One of the most special stars in the sky is undoubtedly Vega, the alpha star of Lira constellation. Why?

First of all it is a star of first magnitude, i.e., very luminous and well visible with the naked eye, being one of the most luminous in the sky.

It is the most luminous in its pole than in its equator. In effect, it has the characteristic of spinning rather quickly around its axis (12.5 hour-period) what causes a noticeable polar flattening. This brings about the effect of being seen as flattened from its celestial equator and widened from its pole. Its apparent surface, then, when seen from the pole, seems bigger than it really is. Moreover, as its pole is much closer to the nucleus than to its equator, the pole temperature is some thousand degrees higher, and its luminosity is proportional.

In the space it is oriented in such a way that we see it just at the portion of its pole! Its luminosity, seen from the Earth, is thus higher than one could expect based on its mass and its distance (a fact that for a very long time had remained as a mystery).

The Sun-Vega distance is permanently decreasing at around 20 Km. per second. This is due to the different distance of the two stars from the galaxy’s nucleus (old books used to say that the Sun moves towards Vega, but it is obvious that the opposite could be said, i.e., that Vega moves towards the Sun...). In 400,000 years, nevertheless, we will be "neighbours".

Another particularity of Vega is that it is one of the stars bound to be turned, periodically, into a pole-star. As it is known, among the many movements of the Earth, there is one called precession, with a period of about 26,000 years. During that period, the axis of the Earth describes a cone and a circumference in the sky, and all the stars that are within that circumference are bound to be turned, after or before, into polar stars.
Vega’s turn will be in 12,000 years, i.e., in year 14,000, and at that time we will obviously have a polar star of first magnitude. And it will be again obvious in year 40,000, in year 66,000, and many times more, before those 400,000 are reached and the distance gets too close.

I do not know if in year 14,000 there will still be any amateurs with the desire of focusing at Vega with their cameras for a long exposure. What will the result be? If you want to see it, you can try just today! It is enough to focus at Vega with a computerized telescope, with an altazimuthal mount, that it could be the well known LX-200 for example, but without using the "Field De-Rotator":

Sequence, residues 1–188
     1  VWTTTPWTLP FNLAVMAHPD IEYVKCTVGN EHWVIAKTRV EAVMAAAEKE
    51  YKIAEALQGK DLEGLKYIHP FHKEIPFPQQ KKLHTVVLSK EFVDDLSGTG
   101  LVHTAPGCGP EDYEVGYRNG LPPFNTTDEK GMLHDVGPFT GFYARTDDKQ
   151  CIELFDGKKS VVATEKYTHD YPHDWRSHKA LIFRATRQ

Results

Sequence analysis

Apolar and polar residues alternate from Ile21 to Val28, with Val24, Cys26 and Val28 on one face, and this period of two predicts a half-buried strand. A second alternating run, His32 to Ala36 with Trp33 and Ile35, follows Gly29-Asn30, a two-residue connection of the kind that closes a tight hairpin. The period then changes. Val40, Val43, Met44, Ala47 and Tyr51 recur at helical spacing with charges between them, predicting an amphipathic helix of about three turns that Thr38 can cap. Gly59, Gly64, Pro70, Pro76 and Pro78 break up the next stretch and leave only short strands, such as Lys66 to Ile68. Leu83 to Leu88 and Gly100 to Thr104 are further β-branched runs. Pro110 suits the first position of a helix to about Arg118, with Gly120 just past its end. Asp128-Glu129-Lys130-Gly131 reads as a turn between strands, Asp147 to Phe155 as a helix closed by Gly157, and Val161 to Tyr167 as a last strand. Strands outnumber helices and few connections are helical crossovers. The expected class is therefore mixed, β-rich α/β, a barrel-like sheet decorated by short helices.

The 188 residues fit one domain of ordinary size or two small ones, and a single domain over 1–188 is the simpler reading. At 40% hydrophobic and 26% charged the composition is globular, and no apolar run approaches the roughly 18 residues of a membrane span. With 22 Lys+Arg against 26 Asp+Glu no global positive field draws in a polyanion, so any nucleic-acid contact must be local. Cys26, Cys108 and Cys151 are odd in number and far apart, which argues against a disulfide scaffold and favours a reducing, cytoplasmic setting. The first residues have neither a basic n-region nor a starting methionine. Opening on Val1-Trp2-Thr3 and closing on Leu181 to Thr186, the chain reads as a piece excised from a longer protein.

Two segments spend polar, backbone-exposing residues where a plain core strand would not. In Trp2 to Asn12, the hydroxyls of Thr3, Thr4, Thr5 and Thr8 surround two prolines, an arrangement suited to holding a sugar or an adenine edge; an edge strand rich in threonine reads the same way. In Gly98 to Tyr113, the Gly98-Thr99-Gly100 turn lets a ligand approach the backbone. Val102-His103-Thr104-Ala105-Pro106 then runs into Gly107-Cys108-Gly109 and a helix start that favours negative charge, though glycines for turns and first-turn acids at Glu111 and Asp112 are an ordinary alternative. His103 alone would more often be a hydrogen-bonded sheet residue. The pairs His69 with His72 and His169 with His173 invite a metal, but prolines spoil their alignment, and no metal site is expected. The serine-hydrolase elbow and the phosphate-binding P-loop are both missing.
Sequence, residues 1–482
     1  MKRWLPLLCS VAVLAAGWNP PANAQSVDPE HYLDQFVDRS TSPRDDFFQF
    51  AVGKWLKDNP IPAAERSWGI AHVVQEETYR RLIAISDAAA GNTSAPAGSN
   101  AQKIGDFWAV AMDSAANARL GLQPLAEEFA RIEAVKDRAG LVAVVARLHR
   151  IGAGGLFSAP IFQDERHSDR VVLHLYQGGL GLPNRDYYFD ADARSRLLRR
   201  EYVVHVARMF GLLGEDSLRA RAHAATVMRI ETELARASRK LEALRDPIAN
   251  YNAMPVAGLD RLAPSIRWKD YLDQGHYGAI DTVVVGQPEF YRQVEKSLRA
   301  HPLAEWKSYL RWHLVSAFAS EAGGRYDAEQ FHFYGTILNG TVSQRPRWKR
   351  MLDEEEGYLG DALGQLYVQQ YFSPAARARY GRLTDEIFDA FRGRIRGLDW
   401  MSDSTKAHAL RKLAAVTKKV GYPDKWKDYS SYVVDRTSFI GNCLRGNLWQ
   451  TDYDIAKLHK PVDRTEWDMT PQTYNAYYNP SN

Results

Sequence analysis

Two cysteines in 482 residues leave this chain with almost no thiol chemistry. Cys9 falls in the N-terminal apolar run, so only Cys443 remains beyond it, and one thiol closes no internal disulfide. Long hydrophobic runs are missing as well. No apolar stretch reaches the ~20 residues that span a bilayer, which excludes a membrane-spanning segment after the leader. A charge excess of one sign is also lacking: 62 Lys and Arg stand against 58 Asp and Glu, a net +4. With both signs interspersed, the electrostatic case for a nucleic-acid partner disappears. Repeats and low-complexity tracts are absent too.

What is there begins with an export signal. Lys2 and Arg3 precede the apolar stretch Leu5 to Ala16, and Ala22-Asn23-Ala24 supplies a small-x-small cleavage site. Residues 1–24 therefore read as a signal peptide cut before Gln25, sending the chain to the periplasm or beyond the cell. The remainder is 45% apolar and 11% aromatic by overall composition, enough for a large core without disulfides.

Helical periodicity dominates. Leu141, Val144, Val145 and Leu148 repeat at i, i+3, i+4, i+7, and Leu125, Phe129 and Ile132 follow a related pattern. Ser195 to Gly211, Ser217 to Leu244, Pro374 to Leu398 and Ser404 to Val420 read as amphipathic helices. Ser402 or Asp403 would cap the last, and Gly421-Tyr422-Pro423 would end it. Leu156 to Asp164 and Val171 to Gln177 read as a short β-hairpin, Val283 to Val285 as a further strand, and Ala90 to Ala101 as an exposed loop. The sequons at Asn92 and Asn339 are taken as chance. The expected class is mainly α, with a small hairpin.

The telescope will perfectly track Vega, that will remain almost immobile near the centre of the photograph, and all the other stars will turn around it, exactly as if Vega were a pole-star.

Would you have imagined that anticipating the time of 12,000 years, and making a trip to the future with a guaranteed return could be so simple?

In fact, as it can easily be imagined, Vega will not be, by that time, exactly in the pole: it will be at some degrees, not ceasing to be for that reason a " pole-star". Nevertheless, this fact will have to be taken into account at the moment of shooting the photograph, with the help of the "Stellarium" Sky-Atlas that can show the aspect of the sky in the year 14,000, and also simulate its rotation.

DATA AND SUGGESTIONS for the PHOTOGRAPH (choose the best time according to latitude)

                          PASSING TO the MERIDIAN      2 HOURS EXPOSURE

                                April 30: ......... 04 hs.            from 03 to 05 AM
                                May 30: .......... 02 hs.            from 01 to 03 AM
                                June 30: ......... 24 hs.            from 11 PM to 01 AM
                                July 30: .......... 22 hs.            from 09 to 11 PM
                                August 30: ..... 20 hs.             from 07 to 09 PM

Before shooting the photograph, it is suggested to make a rotation test with "Stellarium",

and to determine the field-setting previously with the sky atlas Meade Epoch 2000.

For the photograph, use an "H-alfa pass" or "Deep-Sky" filter, and eventually a cross filter for only 10 seconds. 

Try with F = 70÷100 mm and diaphragm 8.

The maximum height over the horizon in La Plata, Argentina, is of about 16 degrees.

From the north is seen better, but from the south the scenery can be framed.